First published on TECHNET on Jun 11, 2014
Authored by Santos Martinez
I was configuring a SQL Cluster this past week and I always try to configure it the best way I can. The cluster was an all-in-one cluster type for multiple System Center Products. One of the key things I always remember to do is to configure each drive the cluster uses. When we are Configuring ConfigMgr and we specify where we are going to store the data there is an important component that often gets missed. This component is the Backup Service and Monitoring for ConfigMgr.
The component thread is SMS_SITE_SQL_BACKUP_SERVERNAME.
More Information about this component https://docs.microsoft.com/en-us/previous-versions/system-center/configuration-manager-2003/cc180537...
The main problem is when the component is trying to install on the cluster it installs on any available drive; therefore, so you need to be careful because of this behavior. The component may install on the cluster drive and this is where problems are going to start.
The main solution is simple. Before you install the ConfigMgr on the cluster you need to create a no_sms_on_drive.sms file and include it on every clustered drive and the C drive. What I normally recommend is having another local drive with space to install this service. This will be a non-clustered drive of course, in my case I use the P Drive:
This is how a clustered drive should look:
And this is how a clustered drive should not look:
Now we all can make mistakes (that includes me) and that is why I am writing this blog post: so I do not forget again.
You may ask yourself, “What happens if you leave it on the clustered drive?”
Well, as soon as the cluster failover to the other node you will start receiving several errors that are visible in the SMS_SITE_SQL_BACKUP_SERVERNAME component thread. Here is an example of some of those errors:
Here you can see the node is in a Critical State. Then, I proceed to validate the service is running.
As you can see in here the service is not available> Next, I proceed to look at the status messages. I found the following Message IDs: 1020, 1076 and 1093. Each of these Status Message indicates there is a problem with the path that is in use on the cluster.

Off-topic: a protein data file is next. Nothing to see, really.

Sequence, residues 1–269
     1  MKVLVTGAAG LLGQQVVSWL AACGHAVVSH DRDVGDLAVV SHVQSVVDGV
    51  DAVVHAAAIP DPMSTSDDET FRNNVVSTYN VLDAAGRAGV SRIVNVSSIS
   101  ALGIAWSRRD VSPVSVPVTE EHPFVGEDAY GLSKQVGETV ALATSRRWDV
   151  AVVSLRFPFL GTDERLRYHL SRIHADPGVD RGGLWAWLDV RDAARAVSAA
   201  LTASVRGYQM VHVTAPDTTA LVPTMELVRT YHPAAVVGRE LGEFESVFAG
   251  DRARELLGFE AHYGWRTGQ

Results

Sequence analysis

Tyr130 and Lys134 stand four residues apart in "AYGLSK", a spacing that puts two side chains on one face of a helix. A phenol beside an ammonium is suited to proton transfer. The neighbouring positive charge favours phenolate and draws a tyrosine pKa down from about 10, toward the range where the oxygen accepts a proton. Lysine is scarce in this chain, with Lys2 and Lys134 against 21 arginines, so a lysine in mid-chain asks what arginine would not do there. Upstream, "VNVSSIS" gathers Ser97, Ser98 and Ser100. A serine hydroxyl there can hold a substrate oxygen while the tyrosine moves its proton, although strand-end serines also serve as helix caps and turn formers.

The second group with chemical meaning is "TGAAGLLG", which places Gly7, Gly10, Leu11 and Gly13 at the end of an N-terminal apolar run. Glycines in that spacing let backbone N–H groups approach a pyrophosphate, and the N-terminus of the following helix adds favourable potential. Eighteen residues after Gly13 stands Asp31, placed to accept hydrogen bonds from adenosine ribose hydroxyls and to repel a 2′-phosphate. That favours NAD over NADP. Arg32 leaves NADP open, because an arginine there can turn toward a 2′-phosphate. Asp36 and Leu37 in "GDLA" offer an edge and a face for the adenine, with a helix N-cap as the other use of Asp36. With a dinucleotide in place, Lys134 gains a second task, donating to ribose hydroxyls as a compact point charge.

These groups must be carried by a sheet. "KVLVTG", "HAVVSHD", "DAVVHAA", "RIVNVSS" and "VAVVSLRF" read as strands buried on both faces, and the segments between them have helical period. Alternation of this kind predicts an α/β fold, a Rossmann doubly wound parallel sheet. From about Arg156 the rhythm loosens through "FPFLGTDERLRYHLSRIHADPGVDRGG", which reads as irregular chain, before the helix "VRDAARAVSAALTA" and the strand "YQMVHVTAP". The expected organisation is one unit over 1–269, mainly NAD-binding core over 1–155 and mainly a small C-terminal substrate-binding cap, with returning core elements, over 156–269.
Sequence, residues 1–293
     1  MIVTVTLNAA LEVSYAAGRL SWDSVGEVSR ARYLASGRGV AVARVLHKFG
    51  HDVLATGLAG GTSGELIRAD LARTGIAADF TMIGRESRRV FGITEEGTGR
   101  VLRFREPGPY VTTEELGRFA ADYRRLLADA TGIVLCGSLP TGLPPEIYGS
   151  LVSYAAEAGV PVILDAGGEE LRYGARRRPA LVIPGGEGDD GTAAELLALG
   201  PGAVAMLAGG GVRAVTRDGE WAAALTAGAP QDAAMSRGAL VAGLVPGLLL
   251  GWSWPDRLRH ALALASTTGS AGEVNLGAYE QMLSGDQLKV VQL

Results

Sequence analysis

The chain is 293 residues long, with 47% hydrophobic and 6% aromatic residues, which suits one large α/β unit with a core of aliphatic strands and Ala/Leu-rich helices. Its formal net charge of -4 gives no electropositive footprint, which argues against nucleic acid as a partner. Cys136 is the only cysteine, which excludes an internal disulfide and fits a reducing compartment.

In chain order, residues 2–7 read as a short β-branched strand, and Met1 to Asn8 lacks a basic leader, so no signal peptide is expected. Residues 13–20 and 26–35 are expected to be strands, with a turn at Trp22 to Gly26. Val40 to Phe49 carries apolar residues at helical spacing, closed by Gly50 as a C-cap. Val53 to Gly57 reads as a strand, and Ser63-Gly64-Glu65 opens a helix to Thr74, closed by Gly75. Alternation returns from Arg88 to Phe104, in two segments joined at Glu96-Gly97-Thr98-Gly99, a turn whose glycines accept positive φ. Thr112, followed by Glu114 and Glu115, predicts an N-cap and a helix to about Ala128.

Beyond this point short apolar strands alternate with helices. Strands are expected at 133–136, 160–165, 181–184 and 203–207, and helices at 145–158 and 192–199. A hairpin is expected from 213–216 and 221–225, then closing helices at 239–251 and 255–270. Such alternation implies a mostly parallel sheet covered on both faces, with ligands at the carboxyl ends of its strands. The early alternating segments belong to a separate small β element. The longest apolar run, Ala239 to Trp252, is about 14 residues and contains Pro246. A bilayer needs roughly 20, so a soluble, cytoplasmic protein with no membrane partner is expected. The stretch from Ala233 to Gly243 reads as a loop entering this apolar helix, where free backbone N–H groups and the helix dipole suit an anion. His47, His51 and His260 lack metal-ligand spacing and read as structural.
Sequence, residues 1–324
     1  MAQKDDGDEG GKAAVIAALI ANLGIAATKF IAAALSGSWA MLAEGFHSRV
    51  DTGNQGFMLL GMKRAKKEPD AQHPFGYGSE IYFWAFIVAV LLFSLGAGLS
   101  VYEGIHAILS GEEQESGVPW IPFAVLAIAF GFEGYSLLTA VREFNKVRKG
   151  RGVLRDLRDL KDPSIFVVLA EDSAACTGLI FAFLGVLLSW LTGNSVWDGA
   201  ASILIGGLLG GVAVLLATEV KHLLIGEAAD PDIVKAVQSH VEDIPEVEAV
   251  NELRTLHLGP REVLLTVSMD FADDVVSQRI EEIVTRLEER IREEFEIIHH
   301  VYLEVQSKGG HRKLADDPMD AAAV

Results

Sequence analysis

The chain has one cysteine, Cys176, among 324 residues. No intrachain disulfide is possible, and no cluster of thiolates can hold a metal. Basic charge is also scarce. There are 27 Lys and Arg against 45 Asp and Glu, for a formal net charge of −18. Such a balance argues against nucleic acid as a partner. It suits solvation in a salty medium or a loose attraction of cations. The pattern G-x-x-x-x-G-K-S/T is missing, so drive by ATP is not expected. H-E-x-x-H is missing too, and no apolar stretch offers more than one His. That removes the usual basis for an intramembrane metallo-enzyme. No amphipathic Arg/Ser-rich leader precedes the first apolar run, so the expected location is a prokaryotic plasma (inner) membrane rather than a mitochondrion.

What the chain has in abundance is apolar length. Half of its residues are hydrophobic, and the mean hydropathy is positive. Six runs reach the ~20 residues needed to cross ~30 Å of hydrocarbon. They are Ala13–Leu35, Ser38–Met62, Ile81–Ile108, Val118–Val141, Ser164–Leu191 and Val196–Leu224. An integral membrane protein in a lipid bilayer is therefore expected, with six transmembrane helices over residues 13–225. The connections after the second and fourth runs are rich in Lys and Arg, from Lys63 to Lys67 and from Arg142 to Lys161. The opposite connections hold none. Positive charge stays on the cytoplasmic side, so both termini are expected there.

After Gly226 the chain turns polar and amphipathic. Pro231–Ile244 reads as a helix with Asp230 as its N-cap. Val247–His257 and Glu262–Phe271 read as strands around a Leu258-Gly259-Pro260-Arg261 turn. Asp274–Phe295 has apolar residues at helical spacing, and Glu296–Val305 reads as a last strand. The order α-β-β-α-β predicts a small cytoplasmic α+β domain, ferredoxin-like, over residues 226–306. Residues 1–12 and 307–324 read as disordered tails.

To fix this problem you will need to copy the files from the clustered drive to the local drive:
Once the files are on the local drive:
We then need to perform some registry changes. Warning: Perform these changes at your own risk.
Open Regedit.exe on the Primary Site Server or CAS that manages the affected clustered site database and go to HKLM\Software\Microsoft\SMS\Components\SMS_SITE_COMPONENT_MANAGER\Multisite Component Servers\<servername>\Installation Directory
You will change the Drive only, on my case from J: to P:
On the affected SQL Node, you will also perform the following registry change:
Open Regedit.exe on the SQL Node and go to:
Once you perform these changes, restart the following services on the site server.
SMS_Site_Component_Manager and SMS_Executive.
It may be better to restart the site server, but I will leave that up to you.
To confirm your changes have taken effect , the best way be to validate it again is in the Monitoring Workspace and check the SMS_SITE_SQL_BACKUP_SERVERNAME component thread.
When setting up a SQL Cluster that used for ConfigMgr site database, the first step that you need to do is confirm that there is a local drive available for the SMS_Site_SQL_Backup_XXX Service and that a no_sms_on_drive.sms file exists on every clustered drive.
Santos Martinez – Sr. PFE – ConfigMgr and Databases
Steven Hernandez – PFE – ConfigMgr Contributor
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